Orphagen Pharmaceuticals, a privately-held pharmaceutical company, announced today that the National Heart, Lung, and Blood Institute (NHLBI) of the National Institutes of Health has awarded the company a highly competitive Phase 1 Small Business Innovative Research (SBIR) grant to identify small molecule ligands for a novel drug discovery target with potential to treat sickle cell disease and other hematological disorders.

An exciting property of the drug discovery target, which is the focus of the NHLBI-funded research, is that it regulates the expression of the fetal form of the critical oxygen carrier, hemoglobin. Normally, fetal hemoglobin is not expressed in the adult. The goal of the research is to identify small molecule drug-like compounds that elevate expression of the fetal hemoglobin gamma chain in order to treat and potentially cure sickle cell disease. The gamma chain of fetal hemoglobin can replace the corresponding beta-chain of sickle hemoglobin, which carries the sickle trait, ameliorating or virtually eliminating symptoms of the disease.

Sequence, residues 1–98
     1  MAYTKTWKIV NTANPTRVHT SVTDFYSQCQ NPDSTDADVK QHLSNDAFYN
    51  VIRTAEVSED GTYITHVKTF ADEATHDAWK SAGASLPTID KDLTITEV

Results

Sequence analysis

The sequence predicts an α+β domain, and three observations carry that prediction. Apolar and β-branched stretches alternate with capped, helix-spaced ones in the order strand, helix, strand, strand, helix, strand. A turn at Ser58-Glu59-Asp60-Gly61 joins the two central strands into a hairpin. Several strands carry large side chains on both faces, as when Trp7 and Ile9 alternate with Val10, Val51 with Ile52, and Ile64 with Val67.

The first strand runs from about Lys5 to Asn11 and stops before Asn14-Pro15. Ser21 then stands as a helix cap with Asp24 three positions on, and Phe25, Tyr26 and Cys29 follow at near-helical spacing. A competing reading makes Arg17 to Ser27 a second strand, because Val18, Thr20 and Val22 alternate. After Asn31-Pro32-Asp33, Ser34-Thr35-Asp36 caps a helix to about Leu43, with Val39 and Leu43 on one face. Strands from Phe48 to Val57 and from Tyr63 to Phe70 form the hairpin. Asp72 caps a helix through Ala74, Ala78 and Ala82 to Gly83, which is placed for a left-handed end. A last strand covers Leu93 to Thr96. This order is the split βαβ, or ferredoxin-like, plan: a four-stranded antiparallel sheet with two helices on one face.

The long-term objective of the research is to investigate the feasibility of treating sickle cell anemia with an orally-available small molecule that regulates this orphan receptor. This work is based on basic studies carried out in the laboratory of Douglas Engel, at the University of Michigan, a pioneer in understanding the mechanisms of hemoglobin gene regulation.

Orphagen is a first-mover in the identification of small molecule compounds to three orphan nuclear receptors. Support from the NIH is a critical part of the Company’s overall strategy to discover new classes of drugs and commercialize them through partnerships.

About Orphagen: Orphagen discovers drug candidates for potential drug targets from the nuclear receptor family for which small molecule ligands, or potential drug-like molecules, have yet to be identified. Its goal is to identify, characterize, and position a new class of drug so that pre-clinical and clinical development can be initiated with commercial partners. Orphagen successfully partnered its first program for ROR-gamma antagonists with JT Pharma ahead of all competitors in the field. Funding from this partnership and other non-dilutive sources, including federal grants, has allowed Orphagen to advance additional first-in-class drug discovery programs.

For more information, contact: Scott Thacher (858) 481-6191